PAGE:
Idaho Innocence Project puts new cases on hold after losing grant

Idaho Innocence Project puts new cases on hold after losing grant

BOISE, Idaho (KBOI) - The Idaho Innocence Project won't take on any new cases after its major funding source dried up, according to Director Greg Hampikian.

The Boise-based group uses DNA evidence to help free the wrongfully convicted. Hampikian and his team played a role in the acquittal of Amanda Knox, and they are currently working two cases in Idaho.

"I can't commit resources we don't have, so people are writing us, and I'm having to tell them we're on hold right now," Hampikian said. "We're waiting to see where we end up."

Hampikian said 100 prisoners or so write each year, but the Idaho Innocence Project can't help them now that its grant proposal was rejected.
 
The U.S. Department of Justice didn't award the group a two-year $220,000 grant. Hampikian volunteers, but the Project counted on that money the past four years to pay legal help.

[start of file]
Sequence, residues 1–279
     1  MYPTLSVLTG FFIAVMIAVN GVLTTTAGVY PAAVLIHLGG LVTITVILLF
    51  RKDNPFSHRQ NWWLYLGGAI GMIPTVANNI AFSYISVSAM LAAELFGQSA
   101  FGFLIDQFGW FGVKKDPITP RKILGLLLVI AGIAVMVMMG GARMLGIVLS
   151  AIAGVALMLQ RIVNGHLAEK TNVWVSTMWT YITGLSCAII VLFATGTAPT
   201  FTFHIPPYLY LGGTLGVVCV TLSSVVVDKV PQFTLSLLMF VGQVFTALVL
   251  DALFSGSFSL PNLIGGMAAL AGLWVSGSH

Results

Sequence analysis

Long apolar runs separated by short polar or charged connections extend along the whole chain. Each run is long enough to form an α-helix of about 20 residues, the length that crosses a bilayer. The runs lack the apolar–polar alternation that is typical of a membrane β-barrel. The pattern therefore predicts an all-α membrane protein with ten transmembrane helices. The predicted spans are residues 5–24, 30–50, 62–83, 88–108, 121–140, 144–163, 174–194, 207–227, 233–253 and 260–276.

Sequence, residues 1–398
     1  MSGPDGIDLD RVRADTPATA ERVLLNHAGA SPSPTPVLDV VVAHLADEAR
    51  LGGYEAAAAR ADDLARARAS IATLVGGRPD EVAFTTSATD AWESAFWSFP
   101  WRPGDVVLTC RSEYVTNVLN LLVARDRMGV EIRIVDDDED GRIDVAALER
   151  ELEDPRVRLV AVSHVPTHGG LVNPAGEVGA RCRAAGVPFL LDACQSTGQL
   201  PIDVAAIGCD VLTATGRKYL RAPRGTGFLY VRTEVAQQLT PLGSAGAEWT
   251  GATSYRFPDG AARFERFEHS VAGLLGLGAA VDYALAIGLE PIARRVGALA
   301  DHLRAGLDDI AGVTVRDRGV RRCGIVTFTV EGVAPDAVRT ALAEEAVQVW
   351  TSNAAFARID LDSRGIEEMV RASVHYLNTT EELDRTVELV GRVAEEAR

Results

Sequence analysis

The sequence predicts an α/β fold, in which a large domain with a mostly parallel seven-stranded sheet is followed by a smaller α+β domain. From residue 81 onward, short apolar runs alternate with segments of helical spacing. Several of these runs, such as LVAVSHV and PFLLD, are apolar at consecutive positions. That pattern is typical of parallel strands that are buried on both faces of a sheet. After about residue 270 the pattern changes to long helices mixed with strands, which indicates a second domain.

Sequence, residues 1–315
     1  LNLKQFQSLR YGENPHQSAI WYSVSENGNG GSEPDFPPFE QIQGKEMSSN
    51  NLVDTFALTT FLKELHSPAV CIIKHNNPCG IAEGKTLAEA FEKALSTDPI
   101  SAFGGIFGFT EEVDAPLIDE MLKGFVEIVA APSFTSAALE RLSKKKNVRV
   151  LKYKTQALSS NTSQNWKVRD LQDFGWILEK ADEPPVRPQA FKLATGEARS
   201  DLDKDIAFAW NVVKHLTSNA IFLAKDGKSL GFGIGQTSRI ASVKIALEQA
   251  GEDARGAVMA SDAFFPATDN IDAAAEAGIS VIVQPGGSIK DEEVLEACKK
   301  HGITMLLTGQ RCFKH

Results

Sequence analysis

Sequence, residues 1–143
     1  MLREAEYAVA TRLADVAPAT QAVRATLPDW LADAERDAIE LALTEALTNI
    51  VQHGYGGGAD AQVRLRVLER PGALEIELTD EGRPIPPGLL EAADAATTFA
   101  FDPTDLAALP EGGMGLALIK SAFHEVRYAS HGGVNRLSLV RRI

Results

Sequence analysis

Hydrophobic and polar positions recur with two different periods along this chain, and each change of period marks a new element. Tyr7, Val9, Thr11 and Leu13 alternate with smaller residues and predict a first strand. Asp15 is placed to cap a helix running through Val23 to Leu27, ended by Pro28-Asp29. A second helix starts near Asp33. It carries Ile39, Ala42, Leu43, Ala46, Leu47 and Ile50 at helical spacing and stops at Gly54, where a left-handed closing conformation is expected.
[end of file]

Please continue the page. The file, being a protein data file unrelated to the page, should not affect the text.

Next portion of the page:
"So who does it affect? It affects the families, and you don't know if you're going to be one of these families one day where one of your family members is accused and surprisingly convicted of something they didn't do," said Hampikian, who also plays a role in trials around the world.
 
Knox was accused of killing her roommate in Italy in 2007. Hampikian looked at the DNA evidence and helped her defense team. An Italian jury overturned the 2009 murder conviction. New evidence is expected Wednesday after the Italian Supreme Court demanded a retrial.
 
"That knife has no reliable evidence that it was used in the murder," Hampikian said. "It is a kitchen knife that was probably used for cooking the night of the murder and had nothing to do with it."
 
Hampikian said he is now scrambling to raise money to continue his work.
 
"I'd rather work on cases, I'd rather to do what only I can do. Somebody else can probably do this, but I'm the volunteer director, and I'm the only one left. The captain's left on the ship, I have to call people."
 
The Idaho Innocence Project has enough money to finish its two Idaho cases, according to Hampikian, but he's already turning away others asking for help until he can come up with the money.